The Death Star: An Agile Scrum Project or Not?
With the new Star Wars movie – Rogue One – just around the corner, I found myself watching the previous films this week to get me in the spirit for going to see the new one. Something jumped out at me about the Death Star build process in that it seemed very Agile Scrum in nature. As I found out later, I wasn’t the first to think this…
The internet is actually full of discussions in ironically low tech resource areas but there are some key things that stick out; the basic Agile Scrum roles being identified, the Agile Scrum ‘MVP’ build approach the Empire took, and some incredibly accurate project conversations that wouldn’t be out of place in a regular workplace.
So let’s go straight in. We all know that the Rebel Alliance blow up the Death Star in the end as they find a flaw – a poorly protected thermal exhaust port. This is a shame in one sense as PMs know all too well that loads of hard work goes into something for ages, the project is mostly complete and then some blighters come along who have been totally absent so far from the project, get their oar in and ruin everything. Or, you could just say that these were Pen Testers who had done their job ‘bang’ on! Anyway, this article is more about how Agile Scrum may have been potentially used by a famous galactic scale outfit many ‘moons’ on from its humble 20th century (not fox) beginnings. Okay enough of the puns now.
It only seems like yesterday that I heard Ackbar – a Scrum Master perhaps – in Return of the Jedi state “It’s a trap!”. And a trap it was, as the Emperor – the project sponsor – croaked to young Luke “…Now witness the firepower of this fully armed and operational battle station”. The Empire had clearly lured the rebel fleet to their latest offering – The Death Star – which the rebels believed to be not as armed and not as operational as it was, as it was overtly incomplete; not round. However the rebels had obviously referred to their waterfall booklets of old, and not got the memo about the power of the Scrum side. This being that one can release a product to the world(s) very much incomplete as long as it has achieved the MVP; Minimum Viable Product.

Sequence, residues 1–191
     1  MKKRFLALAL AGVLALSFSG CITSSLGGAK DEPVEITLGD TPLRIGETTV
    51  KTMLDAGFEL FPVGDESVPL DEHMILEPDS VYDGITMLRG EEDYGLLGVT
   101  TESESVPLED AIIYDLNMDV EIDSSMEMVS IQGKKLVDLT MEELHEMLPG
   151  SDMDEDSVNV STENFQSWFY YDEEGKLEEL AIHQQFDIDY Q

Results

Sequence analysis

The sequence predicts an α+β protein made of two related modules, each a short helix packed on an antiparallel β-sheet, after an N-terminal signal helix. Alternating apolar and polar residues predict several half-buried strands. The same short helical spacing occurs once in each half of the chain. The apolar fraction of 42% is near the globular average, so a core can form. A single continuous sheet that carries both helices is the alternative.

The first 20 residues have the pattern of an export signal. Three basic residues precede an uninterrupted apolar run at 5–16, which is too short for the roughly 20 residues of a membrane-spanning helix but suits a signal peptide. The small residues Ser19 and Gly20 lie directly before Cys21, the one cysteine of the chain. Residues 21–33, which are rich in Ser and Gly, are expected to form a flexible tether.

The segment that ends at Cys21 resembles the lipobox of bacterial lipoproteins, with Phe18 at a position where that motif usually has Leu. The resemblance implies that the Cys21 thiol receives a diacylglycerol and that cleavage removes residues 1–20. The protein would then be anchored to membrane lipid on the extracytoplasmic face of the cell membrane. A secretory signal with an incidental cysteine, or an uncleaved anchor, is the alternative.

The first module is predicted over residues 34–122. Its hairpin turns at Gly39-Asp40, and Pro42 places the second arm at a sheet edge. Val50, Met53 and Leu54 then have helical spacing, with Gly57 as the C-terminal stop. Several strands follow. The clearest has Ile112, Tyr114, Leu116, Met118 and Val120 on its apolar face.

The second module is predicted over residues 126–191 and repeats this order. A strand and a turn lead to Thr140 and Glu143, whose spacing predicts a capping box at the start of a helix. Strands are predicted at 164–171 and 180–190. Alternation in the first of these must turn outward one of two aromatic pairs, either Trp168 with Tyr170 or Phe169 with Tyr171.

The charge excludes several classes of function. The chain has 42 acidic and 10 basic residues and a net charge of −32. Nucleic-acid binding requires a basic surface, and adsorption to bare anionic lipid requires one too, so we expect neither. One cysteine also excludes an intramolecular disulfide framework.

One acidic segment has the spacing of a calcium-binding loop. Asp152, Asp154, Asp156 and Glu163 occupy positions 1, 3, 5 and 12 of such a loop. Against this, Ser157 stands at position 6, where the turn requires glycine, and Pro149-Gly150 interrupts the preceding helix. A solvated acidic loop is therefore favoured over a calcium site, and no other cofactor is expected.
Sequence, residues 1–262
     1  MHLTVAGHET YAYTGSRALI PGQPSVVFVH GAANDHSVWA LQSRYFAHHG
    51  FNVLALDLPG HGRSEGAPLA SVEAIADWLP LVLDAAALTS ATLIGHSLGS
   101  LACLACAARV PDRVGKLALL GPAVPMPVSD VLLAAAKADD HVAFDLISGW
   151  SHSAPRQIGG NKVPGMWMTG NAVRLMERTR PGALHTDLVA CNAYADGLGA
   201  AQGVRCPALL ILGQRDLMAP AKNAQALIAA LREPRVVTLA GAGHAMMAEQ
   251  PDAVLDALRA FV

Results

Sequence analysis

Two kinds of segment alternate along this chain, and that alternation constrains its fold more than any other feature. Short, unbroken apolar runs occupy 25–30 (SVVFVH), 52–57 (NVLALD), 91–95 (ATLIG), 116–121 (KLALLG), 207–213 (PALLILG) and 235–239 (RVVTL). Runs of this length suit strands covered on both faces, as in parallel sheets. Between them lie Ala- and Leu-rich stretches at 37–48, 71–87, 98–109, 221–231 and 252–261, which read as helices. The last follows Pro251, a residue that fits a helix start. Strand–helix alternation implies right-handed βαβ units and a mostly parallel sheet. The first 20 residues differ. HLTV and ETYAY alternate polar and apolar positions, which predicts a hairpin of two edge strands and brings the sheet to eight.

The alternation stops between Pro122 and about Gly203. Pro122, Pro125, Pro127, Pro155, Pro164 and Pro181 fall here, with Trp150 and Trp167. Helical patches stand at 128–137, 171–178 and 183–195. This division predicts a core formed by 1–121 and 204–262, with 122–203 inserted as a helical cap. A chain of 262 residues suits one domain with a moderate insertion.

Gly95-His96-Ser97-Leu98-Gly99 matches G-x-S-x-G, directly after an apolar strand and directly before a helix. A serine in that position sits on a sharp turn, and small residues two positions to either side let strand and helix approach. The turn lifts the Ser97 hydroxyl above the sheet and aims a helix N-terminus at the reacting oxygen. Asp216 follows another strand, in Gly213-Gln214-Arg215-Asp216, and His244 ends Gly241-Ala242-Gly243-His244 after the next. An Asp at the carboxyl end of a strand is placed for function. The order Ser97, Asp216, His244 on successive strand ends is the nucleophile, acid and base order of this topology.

The MVP in this case included:
- great big planet destroying super laser weapon, one of
- some sort of gravity system
- snails-pace propulsion system of entire unit
- communications systems
- rejuvenating pod for Vader
- living quarters, rest rooms and refreshment facilities
- torture facilities
- board room
Referring to that Family Guy episode, the MVP did not include safety rails for the poor storm troopers around plunging internal drops, although i’m sure sufficient security testing of the MVP matters was conducted…or was it.
So, that thermal port then, left gaping open wide to whoever may have the odd Corellian Light Freighter lying around with a dislike to the misuse of The Force. This was obviously a weakness in the Vertical Slice build approach, and indeed the Pen Testers found and exploited it. But were they Pen Testers? Maybe the Rebel Alliance should be considered a distributed Scrum team. Let’s think; Luke, Han, Leia, C3PO, R2D2, and Chewy are clearly a hyper-productive, cross-discipline Scrum Team. They conform perfectly to the 7+ or -2 team number ‘sweet spot’. They have regular ad-hoc meetings as needed, as well as the Sprint Planning meeting when they discuss the Death Star plans. We can assume Daily Stand-Ups too as there is always some new crisis to discuss. The Sprint Retrospective on this occasion even includes old team members via extended technology means – Obi Wan and Yoda with that weird hologram system.
Don’t be too proud of this technological terror you’ve constructed.
Here’s the conversation that ensues between the commander – a de facto Death Star project manager – and Darth Vader – a business stakeholder. Swap out the titles and you can almost imagine it taking place in a conference room in a company not so far, far away…
Commander: “I assure you Lord Vader, my men are working as fast as they can.”
Vader: “Perhaps I can find new ways to motivate them.”
Commander: “I tell you that this station will be operational as planned.”
Vader: “The Emperor does not share your optimistic appraisal of the situation.”
Commander: “But he asks the impossible… I need more men.”
Vader: “Then perhaps you can tell him when he arrives.”
Commander: “The Emperor’s coming here?”
Vader: “That is correct, Commander. And he is most displeased with your apparent lack of progress.”
Commander: “We shall double our efforts!”
Vader: “I hope so, Commander, for your sake. The Emperor is not as forgiving as I am.”
This is a clear display of some good old fashioned ‘manage by fear’ to get short term results. Very of the last century and not for modern day teams, especially Scrum teams. The top-down approach has gone, at least this is what I believe. The experts to tell you when something is likely to be complete (and of course how it gets done) are the actual workers themselves, not those least in the know – the upper management layer. So for Lean Mean Digital, it’s a bottom-up approach all the way and we have no fear about how ‘mean’ we may sound saying this.
In any case, with Agile going from buzz-word to the preferred choice these days for project approach by the project sponsors themselves, running projects in this way brings to all of us “A New Hope” for long into the future.